Hackney South MP Meg Hillier joined fellow MP Dianne Abbot in voicing concerns over the effect of Chancellor George Osbourne’s new budget on the borough of Hackney this week.
In a speech in the Commons, Hillier said: “There is more hidden pain for many of my constituents in the depths of this Budget.
She later said: “Thanks to Government policy, even social housing will be out of the reach of many”
In the new budget Osbourne gave the green light to the proposed £27bn Crossrail2 development which will see a station built in Dalston to serve the new high-speed north-south London rail line.
Residents living near the planned line have expressed worries as certain buildings will be bulldozed to make way for the rail line, slated to be up and running by 2033.
Hillier addressed the Government’s move to turn all schools into academies by 2022 when she said: “My borough of Hackney is no stranger to academies. When they were first unveiled, Hackney’s schools were among the worst in the country. I pay tribute to the Mayor of Hackney, Jules Pipe… [and] the huge work of Hackney’s heads and teachers, our schools are now among the very best in the country.”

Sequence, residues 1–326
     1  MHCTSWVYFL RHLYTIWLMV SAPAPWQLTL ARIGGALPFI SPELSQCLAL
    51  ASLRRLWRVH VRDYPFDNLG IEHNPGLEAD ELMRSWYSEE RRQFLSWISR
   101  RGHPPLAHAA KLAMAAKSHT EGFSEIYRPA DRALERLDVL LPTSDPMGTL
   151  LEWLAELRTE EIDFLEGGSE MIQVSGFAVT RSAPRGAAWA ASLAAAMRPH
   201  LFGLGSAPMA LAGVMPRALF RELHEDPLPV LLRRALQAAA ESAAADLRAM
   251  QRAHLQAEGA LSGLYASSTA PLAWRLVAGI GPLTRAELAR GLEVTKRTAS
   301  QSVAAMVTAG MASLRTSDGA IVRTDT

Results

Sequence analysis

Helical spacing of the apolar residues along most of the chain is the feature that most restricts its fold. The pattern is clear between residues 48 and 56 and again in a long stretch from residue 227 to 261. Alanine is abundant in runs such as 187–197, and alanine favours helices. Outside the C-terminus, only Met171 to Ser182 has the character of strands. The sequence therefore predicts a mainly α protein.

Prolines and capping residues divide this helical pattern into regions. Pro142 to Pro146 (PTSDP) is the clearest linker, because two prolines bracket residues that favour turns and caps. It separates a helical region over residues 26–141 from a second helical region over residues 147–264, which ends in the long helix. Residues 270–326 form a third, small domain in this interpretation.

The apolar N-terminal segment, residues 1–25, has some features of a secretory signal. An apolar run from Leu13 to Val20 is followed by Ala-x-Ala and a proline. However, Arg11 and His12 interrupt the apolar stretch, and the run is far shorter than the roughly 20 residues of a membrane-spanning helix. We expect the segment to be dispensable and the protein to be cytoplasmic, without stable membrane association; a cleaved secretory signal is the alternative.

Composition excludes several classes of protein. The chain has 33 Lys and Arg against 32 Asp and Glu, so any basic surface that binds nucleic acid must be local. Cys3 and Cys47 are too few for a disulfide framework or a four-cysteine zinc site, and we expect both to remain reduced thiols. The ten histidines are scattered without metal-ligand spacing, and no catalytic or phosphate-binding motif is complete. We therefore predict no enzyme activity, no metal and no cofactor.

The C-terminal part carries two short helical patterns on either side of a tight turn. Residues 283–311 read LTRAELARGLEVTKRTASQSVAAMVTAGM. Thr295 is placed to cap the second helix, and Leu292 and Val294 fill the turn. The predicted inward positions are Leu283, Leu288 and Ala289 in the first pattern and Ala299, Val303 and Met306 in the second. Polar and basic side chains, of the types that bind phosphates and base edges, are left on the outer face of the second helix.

“In spite of our embracing academies, among other school models, they are not a simple solution. The structure is not what makes education good. We need good teaching and good leadership. That is what gets results.”
She added: “Academy status is unsustainable in practice for small primary schools, which will force them into chains.”
The new budget was also addressed by Dianne Abbot MP, who in an interview with the Hackney Post said: “The Chancellor’s latest budget paints a rosy picture but this couldn’t be further from the truth for Hackney.”
Abbot added that Osborne is “trying to pull the wool over our eyes” with a series of “risible” claims.
Osbourne’s budget took £650m out of the NHS by changes to public sector pensions that leave employers fielding extra costs according to Lib Dem research, which Hillier said: “[Osbourne] did not mention in his speech today”.
She said the NHS had “real deep-seated financial problems” and was heading for a “£22bn black hole” if the chancellors don’t stop treating the question of how the NHS is funded like, “a political football.”